Annotate your notes if that works best for you. Take boring notes and add stuff. Go back through the textbook to add to your lecture notes. Find what works for you and stay organized for the test coming up.
10. Connect with classmates and form study groups for support
Find study groups. Create them if they don’t exist. Contact your peers and communicate with them about how much you want to work with them.
Study groups are beneficial when they’re made up of people you aren’t close friends with because you’ll actually get work done.
They benefit you in two ways: 1) you teach other material, which is one of the best study methods and 2) you get clarification where you’d otherwise be confused.
11. Avoid comparing yourself to others and focus on your own progress
As tempting as it is, remind yourself that everyone is on their own academic path and what says success to them might be different than you. Focus on your end goal, what your success looks like, and ask for help.
Odds are the people who intimidate you would love to talk through the material. So, if someone scores higher than you, get vulnerable and learn from someone who gets it.
In terms of milestones like graduation and higher education, you have to remember what your success looks like to you and in the context of your life. The people you know from Instagram or class a couple times a week probably don’t show you the moments where they’re breaking down and struggling.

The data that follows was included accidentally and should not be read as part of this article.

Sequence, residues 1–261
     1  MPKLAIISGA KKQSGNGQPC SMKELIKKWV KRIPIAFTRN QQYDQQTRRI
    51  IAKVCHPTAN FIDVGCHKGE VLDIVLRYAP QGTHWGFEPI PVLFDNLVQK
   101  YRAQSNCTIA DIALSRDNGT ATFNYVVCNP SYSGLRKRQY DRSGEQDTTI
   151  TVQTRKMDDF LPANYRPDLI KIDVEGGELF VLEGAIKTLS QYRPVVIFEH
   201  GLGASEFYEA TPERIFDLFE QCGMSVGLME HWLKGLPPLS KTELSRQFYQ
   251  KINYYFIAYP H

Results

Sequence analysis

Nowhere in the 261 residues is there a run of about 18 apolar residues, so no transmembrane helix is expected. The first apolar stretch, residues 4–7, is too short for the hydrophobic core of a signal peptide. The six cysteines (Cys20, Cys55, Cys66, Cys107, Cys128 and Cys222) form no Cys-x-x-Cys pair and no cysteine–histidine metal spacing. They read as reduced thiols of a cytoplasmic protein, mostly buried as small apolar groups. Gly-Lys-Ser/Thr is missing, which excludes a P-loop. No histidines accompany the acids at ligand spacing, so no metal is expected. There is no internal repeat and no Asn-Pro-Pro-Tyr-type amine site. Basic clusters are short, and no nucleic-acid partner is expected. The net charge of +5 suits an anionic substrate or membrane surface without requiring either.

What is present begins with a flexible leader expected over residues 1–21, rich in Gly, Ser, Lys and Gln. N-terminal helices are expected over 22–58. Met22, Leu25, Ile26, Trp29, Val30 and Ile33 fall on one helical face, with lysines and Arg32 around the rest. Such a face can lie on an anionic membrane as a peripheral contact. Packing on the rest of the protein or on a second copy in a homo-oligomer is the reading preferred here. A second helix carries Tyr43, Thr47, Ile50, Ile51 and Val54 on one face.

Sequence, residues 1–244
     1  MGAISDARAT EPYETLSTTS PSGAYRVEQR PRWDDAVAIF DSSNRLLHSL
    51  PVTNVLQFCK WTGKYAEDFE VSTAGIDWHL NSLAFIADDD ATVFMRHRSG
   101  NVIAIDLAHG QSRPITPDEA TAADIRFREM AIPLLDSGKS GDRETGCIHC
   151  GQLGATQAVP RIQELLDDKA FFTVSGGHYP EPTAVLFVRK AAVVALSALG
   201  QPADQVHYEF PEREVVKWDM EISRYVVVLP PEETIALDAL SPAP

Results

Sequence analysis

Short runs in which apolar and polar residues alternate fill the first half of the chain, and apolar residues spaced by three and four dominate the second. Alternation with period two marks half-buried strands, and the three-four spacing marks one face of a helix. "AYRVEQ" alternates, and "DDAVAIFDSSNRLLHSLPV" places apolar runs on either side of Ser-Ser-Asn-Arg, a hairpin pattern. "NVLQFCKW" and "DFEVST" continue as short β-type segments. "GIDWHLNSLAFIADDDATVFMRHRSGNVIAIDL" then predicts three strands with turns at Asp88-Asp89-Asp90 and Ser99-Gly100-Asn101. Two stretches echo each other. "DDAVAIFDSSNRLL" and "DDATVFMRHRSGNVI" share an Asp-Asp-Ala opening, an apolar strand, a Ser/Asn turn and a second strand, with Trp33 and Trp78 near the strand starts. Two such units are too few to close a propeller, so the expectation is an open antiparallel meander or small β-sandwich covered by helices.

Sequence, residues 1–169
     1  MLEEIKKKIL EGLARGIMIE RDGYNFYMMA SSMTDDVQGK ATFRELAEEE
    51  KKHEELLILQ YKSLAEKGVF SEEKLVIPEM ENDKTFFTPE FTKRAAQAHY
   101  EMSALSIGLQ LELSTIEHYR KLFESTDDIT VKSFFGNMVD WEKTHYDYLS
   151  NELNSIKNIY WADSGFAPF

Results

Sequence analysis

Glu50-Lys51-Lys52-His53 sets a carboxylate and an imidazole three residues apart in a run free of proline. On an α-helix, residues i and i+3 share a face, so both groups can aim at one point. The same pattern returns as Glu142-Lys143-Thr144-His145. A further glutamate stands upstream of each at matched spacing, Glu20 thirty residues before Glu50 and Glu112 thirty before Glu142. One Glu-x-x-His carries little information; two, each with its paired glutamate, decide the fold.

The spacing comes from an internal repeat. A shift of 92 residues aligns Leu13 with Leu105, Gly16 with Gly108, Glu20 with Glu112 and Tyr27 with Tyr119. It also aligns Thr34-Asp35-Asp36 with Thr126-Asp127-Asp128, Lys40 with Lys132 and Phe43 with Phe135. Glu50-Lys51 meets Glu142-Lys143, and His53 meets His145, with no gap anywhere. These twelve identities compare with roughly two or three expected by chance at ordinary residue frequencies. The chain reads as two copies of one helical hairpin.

No matter what your academic path is you should be proud of yourself because you’re doing the hard thing that works for you. There’s nothing braver than choosing the path for you and accepting that you’re doing it simply because you know it’s your path.
12. Take breaks during study sessions and engage in relaxing activities
Take the break! Take the break. You need the break and deserve the break no matter what your brain is telling you. Once you feel yourself falling asleep or losing focus, give your body what it needs.
Go for a walk, eat a snack, change locations, or take a nap. Listen to your body because forcing yourself to study when it doesn’t want to leaves you drained emotionally, intellectually, and physically.
13. Use flashcards or other study aids to help memorize information
Use actual flashcards or a site like Quizlet to practice recall. This works especially well when you’re studying a language or need to match word to definition.
You can use flashcards for rapid-fire study and memorize lots of information in the most efficient way. However, you should always vary your study techniques to make sure you’ll recall definitions and translations in any form they’re presented (create test questions!).
14. Write down worries or concerns and create a plan to address them
Think of this as a to-do list. Write down all of the ways you think you need to study, any areas you need to revisit in the subject material, and anything your worried about when it comes to actually taking the test.
Leave nothing out. The moment you put it down on your phone or paper, you’ll feel better about writing out all of your fears. You’ll already be aware of the worst case scenarios, so you can’t be surprised. Plus, you can work through them and create a plan to address your fears.